NOT ALWAYS A HAPPY ENDING

Last week I came across an amazing fact (among a slew of others) about my home state. Did you know that Kerala happens to have the largest number of girl child adoptions in the country? Having been brought up in a neo-traditionalist Nair family, which follows a matriarchal system, women have always played a positive and central role in our families. We have lots of female cousins, and all males in our family have the utmost of respect for them.

So it is surprising to see the stance taken by my family members towards a close relative, who is currently undergoing marital issues (for obvious reasons, I would like to maintain anonymity as far as her name and my relationship with her goes). This relative was once the apple of the eye, not just of her parents, but also for the rest of the associated family. Being the only daughter, she was brought up with a lot of love, affection and pampering. So, when during her post-graduation she fell in love with a (non-Malayalee) classmate and decided to get married, she faced the least of resistance. They ended up having a near fairy tale wedding and kids followed. My relative, though highly qualified, gave up her career and decided to become a homemaker. Looking after the kids, and moving around India and globally, as her husband kept getting transferred, became part of a lifestyle that she happily accepted. She kept building a cosy little cocoon for her family, while the husband earned moolah to keep the house fires burning. Both were highly individualistic, independent and had their own distinctive ways of looking at life. The inevitable marital friction that comes between personalities of such mental physiognomies, was ironed out by what they thought was their aeonian love for each other.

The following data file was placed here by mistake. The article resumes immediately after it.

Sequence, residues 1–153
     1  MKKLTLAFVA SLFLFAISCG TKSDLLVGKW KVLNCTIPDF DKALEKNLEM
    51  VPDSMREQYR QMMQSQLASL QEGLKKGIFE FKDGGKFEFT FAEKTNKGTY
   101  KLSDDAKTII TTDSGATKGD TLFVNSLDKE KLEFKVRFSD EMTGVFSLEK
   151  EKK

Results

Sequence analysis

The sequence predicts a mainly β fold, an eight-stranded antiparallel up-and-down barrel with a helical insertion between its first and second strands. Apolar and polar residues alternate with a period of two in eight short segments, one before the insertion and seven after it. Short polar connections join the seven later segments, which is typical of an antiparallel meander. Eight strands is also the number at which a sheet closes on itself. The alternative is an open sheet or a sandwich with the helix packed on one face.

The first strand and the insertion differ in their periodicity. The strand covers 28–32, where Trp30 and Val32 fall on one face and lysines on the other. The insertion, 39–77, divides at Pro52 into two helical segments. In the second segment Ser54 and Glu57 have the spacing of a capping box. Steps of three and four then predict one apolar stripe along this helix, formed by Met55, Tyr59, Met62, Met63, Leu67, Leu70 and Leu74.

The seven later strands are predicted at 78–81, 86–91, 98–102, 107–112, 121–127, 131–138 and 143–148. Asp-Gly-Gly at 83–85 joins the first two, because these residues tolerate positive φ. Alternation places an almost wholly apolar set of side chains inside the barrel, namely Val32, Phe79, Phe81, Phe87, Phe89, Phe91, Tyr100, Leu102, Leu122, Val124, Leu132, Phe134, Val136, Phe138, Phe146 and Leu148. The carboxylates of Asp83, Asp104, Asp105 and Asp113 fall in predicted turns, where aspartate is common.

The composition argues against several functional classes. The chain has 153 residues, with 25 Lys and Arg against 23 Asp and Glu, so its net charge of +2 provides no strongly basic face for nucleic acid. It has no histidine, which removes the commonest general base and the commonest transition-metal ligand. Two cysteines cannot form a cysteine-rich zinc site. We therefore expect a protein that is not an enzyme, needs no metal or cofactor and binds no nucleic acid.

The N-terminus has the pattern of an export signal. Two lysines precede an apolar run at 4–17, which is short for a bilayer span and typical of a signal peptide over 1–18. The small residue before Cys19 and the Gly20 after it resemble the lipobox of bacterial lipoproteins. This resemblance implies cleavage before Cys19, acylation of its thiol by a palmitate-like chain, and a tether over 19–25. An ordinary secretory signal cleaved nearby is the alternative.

But after over fifteen years of marital bliss they reached an aposiopesis in their blissful marital relationship. About a year back, this relative called me, cried her heart out and announced that she was leaving her husband. Being elder to her, with logical and verbose avowals I tried to reason out the sanctity of the institution we call marriage. I asked her to reconsider her decision since there are children involved – one of whom is old enough to understand the significance of the dreaded D-word. After she kept countering my arguments with her own logical affirmations, I bluntly asked her the real reason for her decision – was it abuse or infidelity on either side? But she negated this and said that she had simply fallen out of love with him. Somehow I immediately understood what she was going through because over a period of time I have realized that it is as easy to fall out of love as it is to fall in love with someone. Being in love requires efforts from both the parties involved and it is perfectly plausible that somewhere down the long-winding road of marital bliss, either party slips and tumbles off the path. I refrained from calling her husband – the decision to separate was taken by a mature, intelligent and highly educated person, who could no longer live with her spouse and, I (or anyone else for that matter) had any right to question it. Another thing she told me was that she now wanted to lead a life of her own and not remain shackled with the chains of matrimony. This may shock most of us, and believe me, for a moment so was I. When I gathered my thoughts and reflected on her statement, I sadly realized that many Indian couples remain together in loveless marriages, either for the sake of the children or to avoid social ridicule. So her decision to step out was a bold decision indeed.